The NBA is in a tough spot right now. For anyone who has been living under a rock, here is a NBC’s quick but excellent recap of the whole debacle: from Daryl Morey’s tweet that started it to LeBron’s comments that stirred the pot. Since I live in Hong Kong and have a front row seat to everything going on here, editor-in-chief J.R. Wilco asked me to cover the NBA/China/Hong Kong beat for the time being.
In NBA Commissioner Adam Silver’s first public appearance since returning stateside, he addressed the media regarding the league’s ongoing fallout with China. He admitted the financial losses are already significant but refused to cave into China’s demands to fire Rockets GM Daryl Morey over exercising his constitutional right to freedom of speech in support of the Hong Kong protests. You read that right: Silver said officials in the Chinese government pressured him to have Morey fired because he publicly supported those of us who have been protesting the way that China has been chipping away at our freedoms. (China is now strenuously denying these claims; more on that in the future if necessary.)
After a few early missed opportunities, Silver now seems to be sending the right message: China cannot dictate to the NBA. If only Hong Kong’s leaders were ready to do the same. After Wednesday’s policy address by Carrie Lam, the Chief Executive of Hong Kong, and her question-and-answer session on Thursday, it’s clear that no one in charge is interested in following Silver’s example.
Since my last post, there have been more attacks on the people who have been peacefully protesting the Chinese government. Jimmy Sham (who has been leading the Civil Human Rights Front throughout the summer’s non-violent protests) was attacked by at least four hammer-wielding men as he was on his way to a meeting on Wednesday.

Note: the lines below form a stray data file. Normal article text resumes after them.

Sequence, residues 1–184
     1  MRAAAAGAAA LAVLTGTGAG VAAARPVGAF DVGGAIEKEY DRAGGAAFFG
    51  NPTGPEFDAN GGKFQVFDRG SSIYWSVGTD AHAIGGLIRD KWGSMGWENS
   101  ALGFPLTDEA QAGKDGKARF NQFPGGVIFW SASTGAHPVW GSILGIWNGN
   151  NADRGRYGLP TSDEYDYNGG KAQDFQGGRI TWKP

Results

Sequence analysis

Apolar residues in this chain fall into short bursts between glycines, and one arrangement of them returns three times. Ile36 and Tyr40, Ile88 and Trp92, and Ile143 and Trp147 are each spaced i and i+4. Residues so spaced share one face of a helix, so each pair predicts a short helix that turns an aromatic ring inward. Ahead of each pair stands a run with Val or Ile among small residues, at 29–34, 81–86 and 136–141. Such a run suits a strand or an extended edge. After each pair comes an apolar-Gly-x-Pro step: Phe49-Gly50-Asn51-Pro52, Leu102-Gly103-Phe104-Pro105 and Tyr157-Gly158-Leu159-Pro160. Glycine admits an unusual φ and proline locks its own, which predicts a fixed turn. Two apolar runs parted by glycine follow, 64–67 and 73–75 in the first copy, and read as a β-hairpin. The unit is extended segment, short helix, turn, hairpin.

Lam’s Legislative Council (LegCo) question-and-answer session on her Policy Address was interrupted by protests from pro-Hong Kong (or pro-Democratic) lawmakers speaking for us (a common scene ever since the last Chief Executive was in charge). In the end, only three lawmakers — all from the pro-Beijing DAB party, who hold 41 of 70 legislative seats — were able to ask questions over a 90-minute session.
The pro-Beijing legislators slammed the pro-Dem minority, calling their behavior “shameful” and “violent” even though all they did was:
1. Hold white flowers often seen at funerals — in an attempt to observe a minute’s silence for those who have died during the four months of protests in Hong Kong — but LegCo president Andrew Leung shot down their request.
2. Start chants that Lam was unfit to rule Hong Kong due to the ongoing protests, with at least six lawmakers being kicked out of the chamber.
On Thursday afternoon, a radio phone-in program with Chief Secretary Matthew Cheung (appearing in place of Lam, who claimed to be “just too busy”), some youngsters spoke out on why they are in despair, while Chief Cheung claimed that society needs to move forward and stop dwelling on the July 21 incident. (Again, not answering the concerns of Hong Kong people, such as the wanton attacks by police on peaceful protesters.)
Officials like Lam (who quickly criticizes protesters when violence breaks out, but has never once spoken against the police, even when they attack peaceful protesters) only stir up more unrest. Hong Kong’s government can’t even get their message straight, as Lam claims to have “postponed” the extradition bill that protesters demand to be withdrawn, even claiming “the bill is dead” to the press, but she still refuses to actually withdraw it despite that message.
They are fueling more anger and distrust between the people and government (and of course, the police force). Although the vast majority of Hong Kong (protesters included) are still not asking for total independence, mainland China consistently labels all pro-democracy groups separatist. As long as the HK government ignores the foundational issues of freedom and equal treatment, even most gentle kid will eventually turn into an independence seeker. I am totally anxious about the current situation, and the phantom of Tiananmen Square is constantly on my mind.
This is merely a quick insight into how the government and its leaders are currently operating. With the police attacking people for looking like a protester (simply for wearing black) it’s not safe to wear black Spurs gear in the streets. I have seen these kind of events first hand, and that will be the subject of my next post.